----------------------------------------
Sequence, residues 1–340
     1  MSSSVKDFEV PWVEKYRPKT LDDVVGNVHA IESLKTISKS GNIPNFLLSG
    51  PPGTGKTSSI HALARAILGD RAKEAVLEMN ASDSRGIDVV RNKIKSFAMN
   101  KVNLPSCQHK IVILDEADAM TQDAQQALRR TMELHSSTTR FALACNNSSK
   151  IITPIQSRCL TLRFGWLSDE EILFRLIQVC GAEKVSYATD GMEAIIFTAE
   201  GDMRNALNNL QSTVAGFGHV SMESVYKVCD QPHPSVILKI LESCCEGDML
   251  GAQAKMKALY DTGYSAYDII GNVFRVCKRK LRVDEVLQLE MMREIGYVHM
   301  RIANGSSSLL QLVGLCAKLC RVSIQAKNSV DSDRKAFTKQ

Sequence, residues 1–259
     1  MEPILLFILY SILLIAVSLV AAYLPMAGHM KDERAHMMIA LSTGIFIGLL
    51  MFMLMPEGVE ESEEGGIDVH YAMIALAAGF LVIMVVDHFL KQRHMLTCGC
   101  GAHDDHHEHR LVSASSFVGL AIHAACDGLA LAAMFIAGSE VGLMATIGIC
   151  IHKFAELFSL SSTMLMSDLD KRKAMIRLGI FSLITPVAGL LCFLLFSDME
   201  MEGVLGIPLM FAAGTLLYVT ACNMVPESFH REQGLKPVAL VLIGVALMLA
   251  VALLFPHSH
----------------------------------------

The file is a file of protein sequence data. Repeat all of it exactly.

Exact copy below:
Sequence, residues 1–340
     1  MSSSVKDFEV PWVEKYRPKT LDDVVGNVHA IESLKTISKS GNIPNFLLSG
    51  PPGTGKTSSI HALARAILGD RAKEAVLEMN ASDSRGIDVV RNKIKSFAMN
   101  KVNLPSCQHK IVILDEADAM TQDAQQALRR TMELHSSTTR FALACNNSSK
   151  IITPIQSRCL TLRFGWLSDE EILFRLIQVC GAEKVSYATD GMEAIIFTAE
   201  GDMRNALNNL QSTVAGFGHV SMESVYKVCD QPHPSVILKI LESCCEGDML
   251  GAQAKMKALY DTGYSAYDII GNVFRVCKRK LRVDEVLQLE MMREIGYVHM
   301  RIANGSSSLL QLVGLCAKLC RVSIQAKNSV DSDRKAFTKQ

Sequence, residues 1–259
     1  MEPILLFILY SILLIAVSLV AAYLPMAGHM KDERAHMMIA LSTGIFIGLL
    51  MFMLMPEGVE ESEEGGIDVH YAMIALAAGF LVIMVVDHFL KQRHMLTCGC
   101  GAHDDHHEHR LVSASSFVGL AIHAACDGLA LAAMFIAGSE VGLMATIGIC
   151  IHKFAELFSL SSTMLMSDLD KRKAMIRLGI FSLITPVAGL LCFLLFSDME
   201  MEGVLGIPLM FAAGTLLYVT ACNMVPESFH REQGLKPVAL VLIGVALMLA
   251  VALLFPHSH